Effective Treatment for Parkinson’s Disease
For treatment to be effective, treatment must target that cause of the disease. This may seem like an obvious statement, but it is very uncommon in medicine to treat the cause of the problem. Most medications attempt to fix merely the symptoms as long as you continue to take them, usually for the rest of your life or until they stop working. This is certainly the case for most dopamine agonists for treatment of Parkinson’s Disease.
At Sunridge we are not interested in treating symptoms. Our doctors strive to treating the underlying cause of a patient’s Parkinson’s Disease. This is the only way to have long lasting results.
In most cases of Parkinson’s Disease we are able to identify the cause of the disease for our patients. However, sometimes it is more difficult.
Parkinson’s Disease 101
Parkinson’s disease is a progressive disease which affects nerve cells in a part of the brain called the basal ganglia. The basal ganglia control movement and balance in the body and produce an inhibitory neurotransmitter called dopamine. In Parkinson’s disease, the cells that produce dopamine gradually die off and this alters the processing of information about movement in the brain, which is why patients with Parkinson’s typically have trouble with movement.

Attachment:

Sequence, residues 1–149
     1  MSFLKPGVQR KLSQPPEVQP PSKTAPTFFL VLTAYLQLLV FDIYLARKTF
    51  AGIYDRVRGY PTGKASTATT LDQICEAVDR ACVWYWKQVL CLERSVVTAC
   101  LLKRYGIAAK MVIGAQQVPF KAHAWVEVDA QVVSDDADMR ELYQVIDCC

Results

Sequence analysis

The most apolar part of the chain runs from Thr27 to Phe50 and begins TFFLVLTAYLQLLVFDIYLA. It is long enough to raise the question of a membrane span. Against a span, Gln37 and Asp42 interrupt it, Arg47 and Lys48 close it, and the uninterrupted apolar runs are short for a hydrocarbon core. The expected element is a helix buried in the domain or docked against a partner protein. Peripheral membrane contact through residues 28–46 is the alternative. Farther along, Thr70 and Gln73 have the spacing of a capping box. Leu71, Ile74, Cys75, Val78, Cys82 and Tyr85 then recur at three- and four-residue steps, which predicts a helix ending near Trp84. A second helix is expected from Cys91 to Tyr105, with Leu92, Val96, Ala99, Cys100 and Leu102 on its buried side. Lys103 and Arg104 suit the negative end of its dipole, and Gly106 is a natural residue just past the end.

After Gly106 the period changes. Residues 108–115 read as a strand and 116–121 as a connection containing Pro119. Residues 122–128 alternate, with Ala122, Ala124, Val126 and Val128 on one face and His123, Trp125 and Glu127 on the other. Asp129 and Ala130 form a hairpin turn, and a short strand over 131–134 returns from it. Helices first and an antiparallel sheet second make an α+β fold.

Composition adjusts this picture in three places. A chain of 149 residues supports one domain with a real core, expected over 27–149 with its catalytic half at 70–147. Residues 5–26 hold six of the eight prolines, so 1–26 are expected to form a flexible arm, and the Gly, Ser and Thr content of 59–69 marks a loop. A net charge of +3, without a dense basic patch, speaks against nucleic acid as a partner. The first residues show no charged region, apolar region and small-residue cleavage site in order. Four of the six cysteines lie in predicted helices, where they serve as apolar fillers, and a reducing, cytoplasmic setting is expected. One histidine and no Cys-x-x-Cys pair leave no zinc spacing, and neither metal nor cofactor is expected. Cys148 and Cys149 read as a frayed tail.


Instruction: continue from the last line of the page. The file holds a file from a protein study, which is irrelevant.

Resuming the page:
People usually start to have symptoms between the ages of 50 and 60, but in some people symptoms start earlier. In time, Parkinson’s affects muscles all through your body, so it can lead to problems like trouble swallowing or constipation. In the later stages of the disease, a person with Parkinson’s may have a fixed or blank expression, trouble speaking, and other problems. Some people also have a decrease in mental skills and suffer from dementia.
Patients who follow our Parkinson’s treatment protocol will typically notice improvements in:
- Fine Motor Control, Balance and Resting Tremor
- Memory, Mood and Sleep
- Mobility, Strength and Independence
- Understanding Parkinson’s Disease
Causes of Parkinson’s Disease
There is no single cause or single risk factor for developing Parkinson’s disease yet there is a body of research that has linked Parkinson’s disease to:
- Exposures to environmental toxins including heavy metals and pesticides
- Chronic Infections
- History of Head Trauma
- Preventing Parkinson’s